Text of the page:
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  • Aaryan Doshi

Thanksgiving Reflections

Thanksgiving Reflections image: adobe firefly

As I embark upon this Thanksgiving holiday, I find myself immersed in profound contemplation and introspection, pondering upon a multitude of matters. During preceding years, phrases such as Cyber Mondays or Black Fridays would have held minimal significance for me. But these days, I find myself wondering. How many boxes are we going to open? How many brand-new, undamaged plastic bags will be thrown in the trash? Where will the contents of our overflowing garbage bins, including recycling bins, ultimately be? Is there a limit to how much more our land fills can absorb, just like our earth has finite resources? Some goods take more than 450 years to entirely decay in our landfills. This information shocked me. Is the existence of Cyber Mondays and Black Fridays truly imperative? But then I also see that these days are crucial to the livelihood of a great number of retailers. Based on research, a significant portion of their annual revenue is generated during the final three months of the year.

The other realization I've had is how little we actually know about the things we purchase. Sure, we're aware of the store we're purchasing goods from, such as Amazon, Walmart, or Target. But where did they make the product? Under what working conditions? What measures were undertaken to ensure the product's environmental compatibility? What additional materials were used to make the product?

We often find ourselves preoccupied with matters such as color, size, fit, and trend, yet we often overlook the concept of reusability. Is it recyclable? Is it repairable? Is it rental-able? Exchangeable? Can it adapt to a variety of climates? Can we extend its useful life and keep it in circulation but repurposed once the product's existing useful life has ended?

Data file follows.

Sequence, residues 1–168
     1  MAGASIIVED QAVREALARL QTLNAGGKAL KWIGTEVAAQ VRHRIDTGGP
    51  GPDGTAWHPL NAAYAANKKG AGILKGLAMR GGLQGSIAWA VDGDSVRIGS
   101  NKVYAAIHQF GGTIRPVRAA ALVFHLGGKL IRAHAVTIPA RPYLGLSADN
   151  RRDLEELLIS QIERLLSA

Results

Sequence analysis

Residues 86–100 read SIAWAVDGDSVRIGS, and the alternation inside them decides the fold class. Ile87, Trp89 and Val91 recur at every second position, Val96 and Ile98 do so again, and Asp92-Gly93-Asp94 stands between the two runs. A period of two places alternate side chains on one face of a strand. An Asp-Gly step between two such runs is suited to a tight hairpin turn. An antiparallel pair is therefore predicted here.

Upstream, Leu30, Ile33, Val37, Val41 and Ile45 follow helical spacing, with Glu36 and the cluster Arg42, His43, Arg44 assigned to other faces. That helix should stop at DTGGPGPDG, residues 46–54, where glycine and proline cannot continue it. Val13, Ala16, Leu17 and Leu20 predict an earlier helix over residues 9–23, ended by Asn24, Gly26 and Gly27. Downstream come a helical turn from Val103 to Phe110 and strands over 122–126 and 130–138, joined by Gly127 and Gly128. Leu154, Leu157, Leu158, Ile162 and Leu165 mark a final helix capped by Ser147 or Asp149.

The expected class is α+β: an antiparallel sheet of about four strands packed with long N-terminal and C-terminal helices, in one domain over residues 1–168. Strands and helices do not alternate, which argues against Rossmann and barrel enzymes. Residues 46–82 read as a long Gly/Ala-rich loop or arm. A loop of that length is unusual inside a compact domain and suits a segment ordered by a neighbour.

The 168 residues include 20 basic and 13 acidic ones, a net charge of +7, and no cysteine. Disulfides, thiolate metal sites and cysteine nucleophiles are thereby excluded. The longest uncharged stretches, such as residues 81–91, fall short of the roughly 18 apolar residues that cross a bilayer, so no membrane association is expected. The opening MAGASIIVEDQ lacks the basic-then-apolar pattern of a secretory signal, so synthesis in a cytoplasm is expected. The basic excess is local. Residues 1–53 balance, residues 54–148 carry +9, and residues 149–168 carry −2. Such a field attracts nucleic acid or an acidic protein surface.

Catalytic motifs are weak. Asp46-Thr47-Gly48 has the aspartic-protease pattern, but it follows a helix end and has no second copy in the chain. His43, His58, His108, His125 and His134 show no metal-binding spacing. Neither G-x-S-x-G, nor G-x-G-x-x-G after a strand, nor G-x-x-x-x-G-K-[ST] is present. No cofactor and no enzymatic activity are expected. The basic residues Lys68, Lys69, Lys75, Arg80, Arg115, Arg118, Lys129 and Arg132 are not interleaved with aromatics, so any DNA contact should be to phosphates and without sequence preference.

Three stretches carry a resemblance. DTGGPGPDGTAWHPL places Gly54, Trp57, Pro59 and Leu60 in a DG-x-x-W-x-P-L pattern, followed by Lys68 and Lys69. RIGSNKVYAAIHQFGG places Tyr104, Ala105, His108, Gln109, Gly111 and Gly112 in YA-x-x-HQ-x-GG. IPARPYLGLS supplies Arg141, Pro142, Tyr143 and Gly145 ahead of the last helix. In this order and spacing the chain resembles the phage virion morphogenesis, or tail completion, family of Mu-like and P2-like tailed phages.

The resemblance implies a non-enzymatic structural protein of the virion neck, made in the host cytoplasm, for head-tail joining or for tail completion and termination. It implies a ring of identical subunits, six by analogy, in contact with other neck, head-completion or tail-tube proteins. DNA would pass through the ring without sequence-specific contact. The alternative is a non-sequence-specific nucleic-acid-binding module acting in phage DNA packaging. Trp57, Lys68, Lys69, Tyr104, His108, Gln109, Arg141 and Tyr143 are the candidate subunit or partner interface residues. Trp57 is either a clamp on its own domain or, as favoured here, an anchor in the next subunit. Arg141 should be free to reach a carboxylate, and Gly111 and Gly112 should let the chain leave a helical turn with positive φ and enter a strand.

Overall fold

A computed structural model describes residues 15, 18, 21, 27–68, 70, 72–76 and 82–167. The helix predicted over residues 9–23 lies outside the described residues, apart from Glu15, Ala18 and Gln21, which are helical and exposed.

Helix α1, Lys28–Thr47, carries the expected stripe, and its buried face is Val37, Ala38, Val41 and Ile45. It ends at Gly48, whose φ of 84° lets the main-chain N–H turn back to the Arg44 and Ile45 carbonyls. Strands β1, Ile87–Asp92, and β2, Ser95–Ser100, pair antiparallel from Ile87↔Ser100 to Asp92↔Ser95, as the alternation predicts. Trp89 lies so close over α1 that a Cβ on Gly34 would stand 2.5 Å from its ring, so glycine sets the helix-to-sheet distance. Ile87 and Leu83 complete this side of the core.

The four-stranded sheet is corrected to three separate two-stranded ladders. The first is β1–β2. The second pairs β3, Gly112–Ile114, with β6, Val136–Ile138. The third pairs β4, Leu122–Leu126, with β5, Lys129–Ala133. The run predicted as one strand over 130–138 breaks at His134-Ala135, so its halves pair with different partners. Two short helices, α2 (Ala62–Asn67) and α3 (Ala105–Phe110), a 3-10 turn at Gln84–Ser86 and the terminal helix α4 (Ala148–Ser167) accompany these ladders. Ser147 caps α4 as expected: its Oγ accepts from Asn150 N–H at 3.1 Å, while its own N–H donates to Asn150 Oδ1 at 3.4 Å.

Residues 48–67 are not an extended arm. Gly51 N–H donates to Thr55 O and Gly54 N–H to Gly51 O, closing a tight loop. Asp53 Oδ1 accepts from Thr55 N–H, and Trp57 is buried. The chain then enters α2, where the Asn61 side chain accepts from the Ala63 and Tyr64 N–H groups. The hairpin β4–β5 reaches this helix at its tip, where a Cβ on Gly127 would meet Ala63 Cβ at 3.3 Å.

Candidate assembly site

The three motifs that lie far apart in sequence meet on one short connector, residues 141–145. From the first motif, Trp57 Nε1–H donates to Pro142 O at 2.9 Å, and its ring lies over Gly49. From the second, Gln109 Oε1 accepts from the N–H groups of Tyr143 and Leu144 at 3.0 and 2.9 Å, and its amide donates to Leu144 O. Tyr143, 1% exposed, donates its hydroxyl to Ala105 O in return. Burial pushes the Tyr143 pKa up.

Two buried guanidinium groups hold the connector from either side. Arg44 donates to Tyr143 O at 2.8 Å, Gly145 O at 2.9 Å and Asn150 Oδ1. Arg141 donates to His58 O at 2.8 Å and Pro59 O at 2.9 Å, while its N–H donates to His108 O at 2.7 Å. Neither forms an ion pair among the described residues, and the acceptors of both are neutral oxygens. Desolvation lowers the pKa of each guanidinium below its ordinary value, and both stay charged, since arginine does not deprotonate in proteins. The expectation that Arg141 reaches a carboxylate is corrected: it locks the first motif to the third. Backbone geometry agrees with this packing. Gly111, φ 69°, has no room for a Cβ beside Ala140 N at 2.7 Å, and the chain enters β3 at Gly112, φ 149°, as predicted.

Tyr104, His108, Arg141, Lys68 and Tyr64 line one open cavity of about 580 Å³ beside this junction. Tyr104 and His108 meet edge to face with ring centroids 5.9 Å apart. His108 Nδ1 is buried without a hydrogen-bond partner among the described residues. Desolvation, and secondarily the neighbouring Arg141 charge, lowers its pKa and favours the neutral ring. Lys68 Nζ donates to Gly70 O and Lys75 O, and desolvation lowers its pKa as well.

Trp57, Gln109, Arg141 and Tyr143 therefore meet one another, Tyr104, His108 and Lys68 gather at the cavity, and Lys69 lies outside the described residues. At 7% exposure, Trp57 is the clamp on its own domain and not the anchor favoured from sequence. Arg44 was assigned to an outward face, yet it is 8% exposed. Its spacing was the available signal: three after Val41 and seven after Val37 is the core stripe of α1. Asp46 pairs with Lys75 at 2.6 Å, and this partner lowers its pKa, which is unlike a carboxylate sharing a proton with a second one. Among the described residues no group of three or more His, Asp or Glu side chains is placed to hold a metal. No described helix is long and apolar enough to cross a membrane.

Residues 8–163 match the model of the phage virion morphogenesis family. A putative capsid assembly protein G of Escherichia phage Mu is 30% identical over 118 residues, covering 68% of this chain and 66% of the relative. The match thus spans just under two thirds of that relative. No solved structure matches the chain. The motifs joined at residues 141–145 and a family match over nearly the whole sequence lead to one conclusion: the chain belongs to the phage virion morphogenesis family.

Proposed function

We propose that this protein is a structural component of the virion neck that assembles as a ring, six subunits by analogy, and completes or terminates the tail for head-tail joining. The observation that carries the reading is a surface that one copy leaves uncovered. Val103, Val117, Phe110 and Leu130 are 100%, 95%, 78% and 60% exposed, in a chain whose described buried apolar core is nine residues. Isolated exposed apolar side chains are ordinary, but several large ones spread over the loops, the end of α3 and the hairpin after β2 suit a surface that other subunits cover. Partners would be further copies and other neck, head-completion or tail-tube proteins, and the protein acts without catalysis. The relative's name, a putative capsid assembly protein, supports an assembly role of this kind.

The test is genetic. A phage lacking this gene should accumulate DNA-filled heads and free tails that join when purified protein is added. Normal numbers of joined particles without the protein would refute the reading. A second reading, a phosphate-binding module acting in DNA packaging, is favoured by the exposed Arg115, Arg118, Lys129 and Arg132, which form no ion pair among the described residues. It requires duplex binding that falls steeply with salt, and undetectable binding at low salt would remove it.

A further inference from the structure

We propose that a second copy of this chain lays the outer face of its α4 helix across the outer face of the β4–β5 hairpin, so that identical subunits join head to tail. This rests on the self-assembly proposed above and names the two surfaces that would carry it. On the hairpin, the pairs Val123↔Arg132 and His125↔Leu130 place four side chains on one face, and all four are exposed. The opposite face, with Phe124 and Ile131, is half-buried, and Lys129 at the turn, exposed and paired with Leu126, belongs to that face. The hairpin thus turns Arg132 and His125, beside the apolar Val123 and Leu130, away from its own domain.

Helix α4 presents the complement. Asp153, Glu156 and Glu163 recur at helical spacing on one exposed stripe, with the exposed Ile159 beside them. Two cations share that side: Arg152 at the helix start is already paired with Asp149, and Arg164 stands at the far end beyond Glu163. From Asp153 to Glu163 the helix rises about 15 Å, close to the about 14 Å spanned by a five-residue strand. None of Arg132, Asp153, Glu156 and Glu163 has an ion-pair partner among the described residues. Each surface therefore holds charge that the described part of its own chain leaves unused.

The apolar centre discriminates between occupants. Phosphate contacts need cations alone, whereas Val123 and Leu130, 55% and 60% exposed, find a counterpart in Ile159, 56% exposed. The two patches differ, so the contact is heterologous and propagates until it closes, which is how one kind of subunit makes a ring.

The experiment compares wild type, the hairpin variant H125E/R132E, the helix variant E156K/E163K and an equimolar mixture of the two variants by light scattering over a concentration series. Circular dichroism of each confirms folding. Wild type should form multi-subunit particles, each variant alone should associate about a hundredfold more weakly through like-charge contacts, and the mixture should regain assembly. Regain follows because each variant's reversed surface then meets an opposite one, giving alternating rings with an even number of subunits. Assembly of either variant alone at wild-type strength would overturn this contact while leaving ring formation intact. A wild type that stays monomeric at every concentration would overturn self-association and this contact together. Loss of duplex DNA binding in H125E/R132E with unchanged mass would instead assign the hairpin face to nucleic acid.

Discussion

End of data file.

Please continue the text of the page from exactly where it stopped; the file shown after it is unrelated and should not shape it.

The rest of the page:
Wouldn't it be good to have these facts along with the size, color, and make of the gadget, considering all the technological advancements that have been made? Imagine being able to instantly view not just the product's pricing but also its complete history or lifetime when we scan a barcode? How many different stores, ports or countries did it go through before it finally made its way into our possession? If we were to possess such particulars, would we be inclined to incur additional expenses? Is it appropriate to request that we pay a higher price to protect our environment?

This has made me realize how hard addressing climate change is - because it requires a change in mindset. Instead of the retail mantra of “More for less”, climate change requires us to use “Less for More” - use fewer or less products for more time and investment!

Happy Thanksgiving!

References (updated Nov 2023):

Top 10: What are the longest lasting landfill items? (n.d.). BBC Science Focus.

Richter, F. (2023, November 16). How Important is the Holiday Season for U.S. Retailers? Statista Daily Data.


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